Sunday, February 10, 2013

Identity Thief / *** (R)

Sandy Patterson: Jason Bateman
Diana: Melissa McCarthy
Julian: T.I.
Marisol: Genesis Rodriguez
Skiptracer: Robert Patrick
Trish Patterson: Amanda Peet
Detective Reilly: Morris Chestnut
Daniel Casey: John Cho
Big Chuck: Eric Stonestreet
Harold Cornish: Jon Favreau

Universal Pictures presents a film directed by Seth Gordon. Written by Craig Mazin and Jerry Eeten. Running time: 112 min. Rated R (for sexual content and language).

I heard a news report the other day about how bank robberies were becoming a crime of the past. I thought they already had. Innovations in real currency technology and other security practices have made robbing banks a high risk/low reward crime. Digital theft, on the other hand, yields higher rewards than bank robbing ever did. And, as long as you know how to spot a sucker, it’s a very low risk market.

Jason Bateman plays a sucker well. He doesn’t look totally innocent, so you can believe he can be successful, but he has this trustworthy quality about him that just begs to be messed with. Melissa McCarthy has this incredible ability to be very bad and still have the audience on her side. She can be mean because she’s short and shout; and most importantly, she’s funny. Funny people can get away with a lot.

It is the pairing of these two actors that makes the road trip fugitive comedy “Identity Thief” a success. There is little new to be found in the plot of Seth Gordon’s latest R-rated shock fest, but Bateman and McCarthy keep the movie afloat with their individual charm and that mysterious intangible connection that is so often referred to as chemistry. It isn’t a sexual chemistry; it’s a comedic one. These two play off each other like those classic comedy duos of the Golden Age of Hollywood.

We meet the thief first. She is perky and colorful and steals the identities of people to live a life in excess of all the material things. She parties at a bar spending her victims’ money by paying for drinks for everyone. She’s the life of her party, but only because she’s buying. The other people have lives they return to; Diane returns to more things and little needs. She gets a hold of other’s identities through a simple phone scam and uses their information to reproduce all their credit cards. She sells some of the credit cards to shady characters, but she’s so caught up in spending the money that eventually she sells bad credit cards and lands herself in some big trouble with an imprisoned crime lord.

Her current victim is Sandy Patterson, a corporate accountant still trying to make means work for his wife and two daughters with a third on the way. Sandy’s boss treats him and the rest of the company employees like garbage. Sandy gets a big break when most of the employees in his branch decide to leave the company and take all its clients with them. They offer Sandy a position at five times his current salary. The only problem that doesn’t seem to be working itself out for Sandy is the way nobody can accept the name Sandy as a male moniker. Then, the warrants start showing up for his arrest.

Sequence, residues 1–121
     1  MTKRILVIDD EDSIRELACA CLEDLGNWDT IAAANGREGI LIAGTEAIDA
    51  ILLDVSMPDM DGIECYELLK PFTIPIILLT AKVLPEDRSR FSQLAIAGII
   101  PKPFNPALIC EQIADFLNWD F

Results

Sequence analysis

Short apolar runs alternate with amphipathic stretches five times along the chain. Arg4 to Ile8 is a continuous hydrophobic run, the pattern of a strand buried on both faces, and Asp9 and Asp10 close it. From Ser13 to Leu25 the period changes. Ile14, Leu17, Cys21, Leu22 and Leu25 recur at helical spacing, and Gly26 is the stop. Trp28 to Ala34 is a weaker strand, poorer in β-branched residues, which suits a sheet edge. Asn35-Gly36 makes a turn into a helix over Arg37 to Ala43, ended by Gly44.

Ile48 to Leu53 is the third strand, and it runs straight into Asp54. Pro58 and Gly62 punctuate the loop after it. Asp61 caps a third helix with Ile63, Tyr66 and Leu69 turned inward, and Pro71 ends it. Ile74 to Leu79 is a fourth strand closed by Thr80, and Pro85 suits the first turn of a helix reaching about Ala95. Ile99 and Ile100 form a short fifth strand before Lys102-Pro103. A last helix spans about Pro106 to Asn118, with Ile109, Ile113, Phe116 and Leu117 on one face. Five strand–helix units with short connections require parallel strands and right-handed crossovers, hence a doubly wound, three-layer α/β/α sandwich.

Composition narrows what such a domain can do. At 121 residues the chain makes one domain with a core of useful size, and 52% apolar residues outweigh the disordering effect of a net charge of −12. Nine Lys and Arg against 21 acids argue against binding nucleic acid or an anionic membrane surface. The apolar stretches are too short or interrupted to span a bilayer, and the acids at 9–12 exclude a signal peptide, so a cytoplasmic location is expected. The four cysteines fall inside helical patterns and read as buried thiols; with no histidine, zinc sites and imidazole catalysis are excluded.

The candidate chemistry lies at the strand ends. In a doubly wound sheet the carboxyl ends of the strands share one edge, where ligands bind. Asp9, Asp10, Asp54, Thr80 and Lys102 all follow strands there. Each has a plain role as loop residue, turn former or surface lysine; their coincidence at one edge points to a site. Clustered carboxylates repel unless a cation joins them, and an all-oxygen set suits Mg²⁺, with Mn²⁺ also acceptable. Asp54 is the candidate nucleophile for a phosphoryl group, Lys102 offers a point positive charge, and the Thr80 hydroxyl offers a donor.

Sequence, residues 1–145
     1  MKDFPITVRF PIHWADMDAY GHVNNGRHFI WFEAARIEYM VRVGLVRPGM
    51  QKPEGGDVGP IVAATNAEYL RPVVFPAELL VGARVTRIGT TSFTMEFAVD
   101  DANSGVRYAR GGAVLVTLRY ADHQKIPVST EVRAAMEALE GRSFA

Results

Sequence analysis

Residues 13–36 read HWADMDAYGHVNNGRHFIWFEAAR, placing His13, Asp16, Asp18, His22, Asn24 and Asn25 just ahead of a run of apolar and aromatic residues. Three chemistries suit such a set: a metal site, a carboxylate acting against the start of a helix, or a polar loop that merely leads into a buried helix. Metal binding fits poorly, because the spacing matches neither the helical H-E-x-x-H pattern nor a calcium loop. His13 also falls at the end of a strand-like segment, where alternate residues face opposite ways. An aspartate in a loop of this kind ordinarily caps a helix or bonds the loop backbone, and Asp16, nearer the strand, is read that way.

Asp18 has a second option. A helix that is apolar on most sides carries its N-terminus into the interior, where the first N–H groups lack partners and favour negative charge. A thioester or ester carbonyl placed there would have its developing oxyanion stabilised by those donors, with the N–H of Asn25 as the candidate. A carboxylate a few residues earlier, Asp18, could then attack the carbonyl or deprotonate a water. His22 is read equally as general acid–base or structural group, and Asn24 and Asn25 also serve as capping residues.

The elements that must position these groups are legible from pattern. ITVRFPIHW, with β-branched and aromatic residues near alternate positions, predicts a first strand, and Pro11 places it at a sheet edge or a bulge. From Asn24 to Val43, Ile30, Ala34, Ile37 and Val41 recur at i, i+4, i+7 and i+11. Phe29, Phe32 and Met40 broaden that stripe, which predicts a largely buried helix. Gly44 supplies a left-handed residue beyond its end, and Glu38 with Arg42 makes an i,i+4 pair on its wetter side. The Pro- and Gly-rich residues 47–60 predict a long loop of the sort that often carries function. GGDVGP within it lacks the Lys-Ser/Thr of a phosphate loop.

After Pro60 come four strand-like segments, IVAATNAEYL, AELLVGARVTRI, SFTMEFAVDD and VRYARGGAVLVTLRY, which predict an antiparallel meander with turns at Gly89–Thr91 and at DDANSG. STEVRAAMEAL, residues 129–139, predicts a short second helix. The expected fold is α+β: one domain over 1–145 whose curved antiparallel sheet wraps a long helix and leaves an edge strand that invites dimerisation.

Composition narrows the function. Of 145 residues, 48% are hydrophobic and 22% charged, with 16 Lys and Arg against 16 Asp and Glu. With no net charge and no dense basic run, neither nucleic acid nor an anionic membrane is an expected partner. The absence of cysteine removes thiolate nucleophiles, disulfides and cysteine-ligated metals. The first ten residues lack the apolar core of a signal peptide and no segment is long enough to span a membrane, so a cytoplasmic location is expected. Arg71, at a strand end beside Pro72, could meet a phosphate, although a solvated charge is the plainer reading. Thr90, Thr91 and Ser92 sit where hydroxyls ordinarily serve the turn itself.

Sandy needs his good name back immediately. The red tape of the legal system would take far too long for Sandy to keep his new job even though they know exactly who and where the impostor is, and so it seems his best bet is to go to Florida and bring her back to the officials in Denver to prosecute. Considering the amount of money he has to spend to do that, it would seem to me a bounty hunter might’ve been more cost effective. Of course, someone has already hired a skiptracer for a bail she skipped, and that gangster sends a couple of his hitmen after her as well. So you can see that there will be many more obstacles in getting Diane to clear his name than Sandy could possibly anticipate.

Although it isn’t hard to predict how the plot of this movie will progress, there are several sequences that produce moments of satisfying hilarity. One section of the movie involves Diane picking up a salesman in a bar named Big Chuck, played by Eric Stonestreet of “Modern Family”. Their sex scene doesn’t quite reach the heights of those in “MacGruber”, but it’s pretty intense. I especially liked how the “safe word” is ignored. The best comedic moments, however, come when it’s just Bateman and McCarthy working off each other. Their first and second highway encounters are particularly funny. I also liked that even once Sandy begins to realize there is more to this woman than anyone has guessed, she still annoys the hell out of him.

“Identity Thief” is a mid range success for Gordon. His “Four Christmases” was a little too typical, whereas his movie “Horrible Bosses” was more original and broke some sitcom molds. This one lies someplace in between. Some might find the ending a little too neat and sentimental in the way it kind of works out for everybody. I would wonder how any other ending could be better considering how both characters are set up for the audience’s sympathy. With any other actress, Diane couldn’t gain our sympathy. I can’t see why anyone would want this movie to end terribly for either character. This is pretty lighthearted stuff. It’s rendered a little grittier and funnier with the adult treatment afforded by the R rating, but the material never serves anything beyond the joke. Depth isn’t necessary to make this material worthwhile. This is simply a fun time at the movies with a goofball comedy. That’s enough.

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